Once called Terminus after its many railroads, Atlanta is slowly regaining ground as a transit city thanks to voters, city leaders, new organizations and those passionate about making a difference. As 2016 comes to a close, it’s important to acknowledge the progress the city has made — from trains and buses to bikes and the BeltLine. Here are five of the biggest wins that moved us forward this year.
1. City of Atlanta Voters Approve Transportation Funding
The biggest transit win of 2016: a referendum passed in November that will generate approximately $2.5 billion over 40 years for MARTA and fund other transportation projects via a sales tax. MARTA expansion possibilities include improved bus service, heavy rail expansion west of the Hamilton E. Holmes MARTA station, light rail on the BeltLine and the Clifton Road Corridor, bus rapid transit on Northside Drive and up to three infill rail stations.
Stay up to date with MARTA’s current projects on the agency’s website.
2. Bike Sharing Arrives in Atlanta
Relay Bike Share arrived in Atlanta in June with 100 bikes in downtown Atlanta. As Atlanta’s first bike sharing program, Relay Bikes has pay-as-you-go, monthly and semester plans. Since launch, bike docks have been added around downtown and Midtown, with easy access to bikes at six MARTA stations (view bike map). The Westside is the next area to get the two-wheel rides, with 500 total bikes planned for the city.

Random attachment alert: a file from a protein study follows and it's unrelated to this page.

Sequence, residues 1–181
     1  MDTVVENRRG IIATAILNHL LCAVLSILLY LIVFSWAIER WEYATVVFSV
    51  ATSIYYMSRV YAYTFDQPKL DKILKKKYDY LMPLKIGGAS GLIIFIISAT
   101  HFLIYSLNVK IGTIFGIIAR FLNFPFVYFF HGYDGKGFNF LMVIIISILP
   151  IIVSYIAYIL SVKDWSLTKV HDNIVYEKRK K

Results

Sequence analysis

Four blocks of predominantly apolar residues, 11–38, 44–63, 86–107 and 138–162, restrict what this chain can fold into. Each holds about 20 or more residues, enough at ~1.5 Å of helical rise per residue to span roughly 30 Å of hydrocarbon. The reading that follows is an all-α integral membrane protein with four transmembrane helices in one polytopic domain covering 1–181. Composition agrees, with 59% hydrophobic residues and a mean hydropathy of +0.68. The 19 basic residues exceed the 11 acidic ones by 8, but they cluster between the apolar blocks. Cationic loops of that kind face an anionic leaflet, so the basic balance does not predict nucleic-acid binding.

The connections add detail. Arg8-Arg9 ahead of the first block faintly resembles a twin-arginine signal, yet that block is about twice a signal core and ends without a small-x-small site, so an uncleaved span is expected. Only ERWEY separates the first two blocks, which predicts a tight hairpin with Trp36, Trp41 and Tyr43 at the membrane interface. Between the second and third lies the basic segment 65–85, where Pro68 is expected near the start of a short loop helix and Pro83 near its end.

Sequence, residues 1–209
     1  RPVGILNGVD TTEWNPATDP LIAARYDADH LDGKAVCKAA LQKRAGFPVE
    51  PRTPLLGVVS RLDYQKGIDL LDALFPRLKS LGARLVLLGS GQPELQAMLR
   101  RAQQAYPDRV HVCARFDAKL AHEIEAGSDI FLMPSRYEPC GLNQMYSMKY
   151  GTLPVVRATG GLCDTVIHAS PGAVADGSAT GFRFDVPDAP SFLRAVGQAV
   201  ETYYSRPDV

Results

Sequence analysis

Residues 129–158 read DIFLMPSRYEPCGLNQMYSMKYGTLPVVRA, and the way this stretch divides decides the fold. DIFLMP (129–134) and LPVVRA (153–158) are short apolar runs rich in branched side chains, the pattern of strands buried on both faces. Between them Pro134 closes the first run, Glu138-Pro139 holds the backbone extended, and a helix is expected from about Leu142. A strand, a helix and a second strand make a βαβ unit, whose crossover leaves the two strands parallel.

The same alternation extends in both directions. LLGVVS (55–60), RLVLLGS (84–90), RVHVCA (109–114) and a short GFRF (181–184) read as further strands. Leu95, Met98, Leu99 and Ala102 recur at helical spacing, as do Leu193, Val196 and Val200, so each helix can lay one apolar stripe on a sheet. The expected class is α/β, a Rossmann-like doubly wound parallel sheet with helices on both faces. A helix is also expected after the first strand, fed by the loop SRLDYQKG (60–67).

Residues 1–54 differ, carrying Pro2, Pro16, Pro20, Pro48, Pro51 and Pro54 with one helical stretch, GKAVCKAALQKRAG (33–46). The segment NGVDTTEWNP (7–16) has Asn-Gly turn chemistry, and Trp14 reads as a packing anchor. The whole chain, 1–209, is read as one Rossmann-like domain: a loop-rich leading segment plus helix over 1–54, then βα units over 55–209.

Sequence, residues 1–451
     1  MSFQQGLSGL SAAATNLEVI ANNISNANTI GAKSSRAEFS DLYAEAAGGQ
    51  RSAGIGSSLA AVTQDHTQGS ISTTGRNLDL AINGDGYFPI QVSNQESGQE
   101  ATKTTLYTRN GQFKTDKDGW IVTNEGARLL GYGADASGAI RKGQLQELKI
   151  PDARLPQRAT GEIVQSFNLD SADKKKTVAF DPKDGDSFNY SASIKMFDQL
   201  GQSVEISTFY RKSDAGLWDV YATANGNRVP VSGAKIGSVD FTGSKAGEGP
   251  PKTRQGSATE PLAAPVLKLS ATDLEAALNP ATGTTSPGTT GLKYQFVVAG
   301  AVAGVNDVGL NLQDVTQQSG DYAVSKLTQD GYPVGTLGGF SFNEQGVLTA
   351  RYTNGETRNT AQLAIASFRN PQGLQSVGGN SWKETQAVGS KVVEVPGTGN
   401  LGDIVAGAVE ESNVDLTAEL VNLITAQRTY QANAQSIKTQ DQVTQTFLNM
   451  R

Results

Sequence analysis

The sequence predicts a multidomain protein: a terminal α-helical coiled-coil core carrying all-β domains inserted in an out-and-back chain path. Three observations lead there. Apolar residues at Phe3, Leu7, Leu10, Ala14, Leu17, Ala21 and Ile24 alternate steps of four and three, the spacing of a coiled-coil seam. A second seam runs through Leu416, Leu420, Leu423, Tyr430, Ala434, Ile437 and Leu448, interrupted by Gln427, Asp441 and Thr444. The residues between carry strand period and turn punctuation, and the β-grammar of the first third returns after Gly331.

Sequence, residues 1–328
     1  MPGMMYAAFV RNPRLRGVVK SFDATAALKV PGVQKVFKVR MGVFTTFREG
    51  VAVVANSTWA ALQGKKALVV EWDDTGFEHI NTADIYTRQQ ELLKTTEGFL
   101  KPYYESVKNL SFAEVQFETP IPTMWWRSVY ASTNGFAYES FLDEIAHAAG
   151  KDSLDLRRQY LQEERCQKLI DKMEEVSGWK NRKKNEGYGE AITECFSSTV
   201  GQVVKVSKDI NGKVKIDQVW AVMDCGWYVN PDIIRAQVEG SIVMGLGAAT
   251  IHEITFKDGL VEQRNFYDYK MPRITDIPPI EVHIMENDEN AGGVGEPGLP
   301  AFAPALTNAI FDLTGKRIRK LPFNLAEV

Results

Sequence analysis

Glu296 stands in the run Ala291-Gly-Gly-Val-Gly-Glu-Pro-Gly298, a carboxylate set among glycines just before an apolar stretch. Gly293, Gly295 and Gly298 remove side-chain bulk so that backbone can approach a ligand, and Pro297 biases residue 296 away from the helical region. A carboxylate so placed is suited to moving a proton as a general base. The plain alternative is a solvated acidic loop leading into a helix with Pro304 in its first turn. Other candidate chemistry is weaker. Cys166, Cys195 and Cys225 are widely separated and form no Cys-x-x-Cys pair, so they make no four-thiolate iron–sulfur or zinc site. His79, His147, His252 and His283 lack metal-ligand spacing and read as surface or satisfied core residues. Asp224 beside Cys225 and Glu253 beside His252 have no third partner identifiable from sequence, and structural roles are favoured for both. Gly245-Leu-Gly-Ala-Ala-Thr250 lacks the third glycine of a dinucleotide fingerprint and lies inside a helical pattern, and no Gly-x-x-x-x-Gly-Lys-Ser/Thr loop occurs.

3. Soccer Field at Five Points
Game on! Unique in the world, the new soccer field at Five Points is the first soccer field on train station property (rendering pictured above). Funded by Atlanta United, the field occupies a formerly unused amphitheater at the MARTA station at street level. Station Soccer organizes adult leagues and pick-up games there for a fee, which allows kids to play for free.
Although the soccer field is half the size of a regulation field, the location makes playing there twice as fun — plus, it’s super easy to get to on MARTA.
4. MARTA Rocks Finances (Again)
In June, the MARTA board approved the 2017 fiscal year budget with no fare increase. That marks the fifth year in a row with one-way fares holding steady at $2.50. The efficient running of the agency, according to GPB reporting, has allowed MARTA to keep fares steady and reinvest in the system. WiFi services and new digital signs as well as investigating a smartphone app to replace Breeze Cards were some areas of investment. Plus, the farmers markets at MARTA stations expanded from one station to four.
A bond refinancing effort early in 2016 also paid off in a big way for MARTA — the agency will save $48 million over 18 years after lowering the interest rate on several bonds.
5. BeltLine Moves Forward
During the summer of 2016, work began on the Eastside Trail to expand it from Irwin Street south to Kirkwood Avenue in Reynoldstown. As a part of this project, concrete pavers were installed in the Krog Tunnel to even the surface of the sidewalk, as the trail will use the tunnel to go under the freight railroad lines. Additionally, a path for the trail has been cleared on the north side of Wylie Street.
Meanwhile, on the Westside, reconstruction of the pedestrian bridge over Martin Luther King Jr. Drive was completed. And the same transportation sales tax approved in November 2016 will allow the BeltLine staff to finish purchasing the remaining right-of-way property to complete the 22-mile rails to trails loop around the city.